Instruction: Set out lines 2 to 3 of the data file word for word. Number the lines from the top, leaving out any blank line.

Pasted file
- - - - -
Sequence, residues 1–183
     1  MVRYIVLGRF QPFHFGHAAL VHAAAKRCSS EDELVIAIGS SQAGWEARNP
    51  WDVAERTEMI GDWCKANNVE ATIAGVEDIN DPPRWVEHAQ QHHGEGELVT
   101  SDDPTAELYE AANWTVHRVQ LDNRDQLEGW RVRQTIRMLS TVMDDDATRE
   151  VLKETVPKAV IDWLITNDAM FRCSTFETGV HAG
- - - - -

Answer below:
     1  MVRYIVLGRF QPFHFGHAAL VHAAAKRCSS EDELVIAIGS SQAGWEARNP
    51  WDVAERTEMI GDWCKANNVE ATIAGVEDIN DPPRWVEHAQ QHHGEGELVT